Somalia, Uganda to bolster Kenya’s Shabaab offensive

November 16, 2011 1:27 pm
Kibaki with Museveni (L) and Sharif (R) after discussing Somalia situation/PPS

, NAIROBI, Kenya, Nov 16 – Somalia and Uganda have agreed on a co-ordinated approach with Kenya in fighting the Al Shabaab militia to maintain peace in the region.

, NAIROBI, Kenya, Nov 16 – Somalia and Uganda have agreed on a co-ordinated approach with Kenya in fighting the Al Shabaab militia to maintain peace in the region.

The pact was reached at a meeting held between President Mwai Kibaki, Uganda’s Yoweri Museveni and Somalia’s President Sheikh Sharif Ahmed at State House, Nairobi on Wednesday afternoon.

“The meeting emphasised the need for enhancing coordination between AMISOM, TFG forces and Kenya Defence forces in order to successfully defeat Al Shabaab,” said Foreign Affairs Minister Moses Wetangula when he briefed journalists after talks by the three leaders.

The presidents revisited their targets of fighting the terror group and agreed to jointly wipe it out and other militia groups to restore security and peace in Somalia and other regions.

“(They) Expressed confidence that the joint Kenya-Somali operation presents the region with a historic opportunity to restore stability and security in Somalia and called for regional solidarity to bring to an end the state of lawlessness that has prevailed in much of Somalia over the last two decades,” The communiqué read in part.

The leaders further appealed to all nations which had agreed to send troops to Somalia to do so in order to strengthen the capacity of Kenyan soldiers who are already there.

“(They) Noted with appreciation the decision of Djibouti to provide troops to AMISOM by the end of the year, called on other African countries which have pledged troops to AMISOM to urgently fulfil their pledges and welcomed Kenya’s willingness to deploy troops to AMISOM,” he said.

The Heads of States also observed that the operation in Somalia had resulted to other challenges of terrorism, organised crime and influx of refugees which they said contributed to insecurity and conflict not just within Africa but across the world.

They also discussed the refugee crisis that had spread to Kenya and the increasing number of displaced people in Somalia.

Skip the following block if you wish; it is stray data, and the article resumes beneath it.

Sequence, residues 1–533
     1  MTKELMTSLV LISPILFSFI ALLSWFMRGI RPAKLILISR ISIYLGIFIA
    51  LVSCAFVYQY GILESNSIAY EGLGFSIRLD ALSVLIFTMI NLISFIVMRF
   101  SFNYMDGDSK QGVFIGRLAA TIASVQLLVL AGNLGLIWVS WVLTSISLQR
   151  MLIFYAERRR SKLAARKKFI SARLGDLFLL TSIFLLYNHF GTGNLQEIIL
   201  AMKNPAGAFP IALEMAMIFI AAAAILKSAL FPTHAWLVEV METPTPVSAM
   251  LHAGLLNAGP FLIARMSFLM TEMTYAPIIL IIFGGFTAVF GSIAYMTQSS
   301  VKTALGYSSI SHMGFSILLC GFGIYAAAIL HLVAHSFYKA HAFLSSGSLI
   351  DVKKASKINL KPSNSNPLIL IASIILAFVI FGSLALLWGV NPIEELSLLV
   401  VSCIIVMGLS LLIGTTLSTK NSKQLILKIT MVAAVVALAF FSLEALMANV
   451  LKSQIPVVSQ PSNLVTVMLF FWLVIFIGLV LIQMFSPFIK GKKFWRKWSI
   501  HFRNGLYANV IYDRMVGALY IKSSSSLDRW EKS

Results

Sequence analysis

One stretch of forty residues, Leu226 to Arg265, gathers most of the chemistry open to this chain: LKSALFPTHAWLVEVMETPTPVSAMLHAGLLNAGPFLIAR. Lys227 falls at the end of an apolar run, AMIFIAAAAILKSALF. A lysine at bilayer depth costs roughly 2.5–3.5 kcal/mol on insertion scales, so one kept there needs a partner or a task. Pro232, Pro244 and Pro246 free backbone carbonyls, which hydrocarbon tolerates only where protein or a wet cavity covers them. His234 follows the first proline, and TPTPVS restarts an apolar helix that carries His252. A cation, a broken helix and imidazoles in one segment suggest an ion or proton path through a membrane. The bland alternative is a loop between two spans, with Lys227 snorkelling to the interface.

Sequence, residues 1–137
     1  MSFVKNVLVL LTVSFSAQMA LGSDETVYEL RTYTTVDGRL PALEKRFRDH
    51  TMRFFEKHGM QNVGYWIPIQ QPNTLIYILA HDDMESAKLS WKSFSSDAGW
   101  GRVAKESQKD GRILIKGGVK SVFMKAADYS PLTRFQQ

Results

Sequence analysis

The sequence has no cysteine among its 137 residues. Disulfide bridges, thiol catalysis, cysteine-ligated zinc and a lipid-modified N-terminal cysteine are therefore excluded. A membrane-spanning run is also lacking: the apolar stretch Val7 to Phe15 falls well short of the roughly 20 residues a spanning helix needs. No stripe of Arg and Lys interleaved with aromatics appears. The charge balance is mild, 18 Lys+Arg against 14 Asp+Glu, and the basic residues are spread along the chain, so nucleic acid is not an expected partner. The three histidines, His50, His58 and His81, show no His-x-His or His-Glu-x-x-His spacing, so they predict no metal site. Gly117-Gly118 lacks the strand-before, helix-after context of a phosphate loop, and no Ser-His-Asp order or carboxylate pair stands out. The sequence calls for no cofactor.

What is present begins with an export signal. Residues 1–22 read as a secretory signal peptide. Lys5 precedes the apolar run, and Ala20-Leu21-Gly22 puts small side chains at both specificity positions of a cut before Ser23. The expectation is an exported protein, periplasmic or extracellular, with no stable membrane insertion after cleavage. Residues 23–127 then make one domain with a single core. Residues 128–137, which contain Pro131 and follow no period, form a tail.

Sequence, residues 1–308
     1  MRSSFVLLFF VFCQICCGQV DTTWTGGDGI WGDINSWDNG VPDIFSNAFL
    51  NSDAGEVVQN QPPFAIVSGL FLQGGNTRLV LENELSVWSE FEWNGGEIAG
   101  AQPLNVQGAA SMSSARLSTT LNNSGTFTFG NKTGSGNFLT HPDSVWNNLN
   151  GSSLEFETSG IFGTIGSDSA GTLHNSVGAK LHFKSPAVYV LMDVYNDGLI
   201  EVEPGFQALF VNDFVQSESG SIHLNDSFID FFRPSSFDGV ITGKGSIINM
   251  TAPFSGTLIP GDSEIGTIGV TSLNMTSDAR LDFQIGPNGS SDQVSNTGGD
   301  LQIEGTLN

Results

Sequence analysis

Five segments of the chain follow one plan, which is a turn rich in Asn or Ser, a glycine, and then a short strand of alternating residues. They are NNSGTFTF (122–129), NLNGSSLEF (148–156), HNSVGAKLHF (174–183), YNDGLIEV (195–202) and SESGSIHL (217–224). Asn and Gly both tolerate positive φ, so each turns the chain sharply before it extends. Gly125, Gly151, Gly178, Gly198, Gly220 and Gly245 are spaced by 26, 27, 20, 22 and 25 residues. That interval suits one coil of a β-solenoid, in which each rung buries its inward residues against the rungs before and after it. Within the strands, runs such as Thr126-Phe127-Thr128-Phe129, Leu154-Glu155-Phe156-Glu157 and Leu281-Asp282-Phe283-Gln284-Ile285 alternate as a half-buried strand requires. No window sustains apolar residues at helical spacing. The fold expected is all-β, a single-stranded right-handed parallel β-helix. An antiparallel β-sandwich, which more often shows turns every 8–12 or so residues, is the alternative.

“The meeting reviewed the political and security developments in Somalia and noted that the protracted conflict had generated numerous problems notably terrorism, organized crime, influx of illegal arms, the refugee crisis, internally displaced persons in Somalia,” Wetangula said.

They also reviewed the burden Kenya had in taking care of the growing number of refugees at the Kenyan camps and asked the international community to explore other strategies that can relieve Kenya.

The leaders were in agreement that they should focus on taking aid to the safe areas within Somalia to help reduce the number of those fleeing to the Kenyan camps.

“They called on the international community to urgently develop modalities for burden-sharing, and encourage humanitarian aid agencies to relocate to the secure parts of Southern Somalia in order to provide humanitarian assistance closer to the famine-stricken communities of Southern Somalia in a more effective manner,” Wetangula asserted.

Kenyan troops are in the interior of Somalia battling the Al Shabaab terror group whose members are blamed for a series of kidnappings and explosive attacks in northern Kenya and the capital Nairobi.

So far, the Kenyan troops have killed more than 50 Al Shabaab insurgents both on land and at sea in the Southern part of Somalia.


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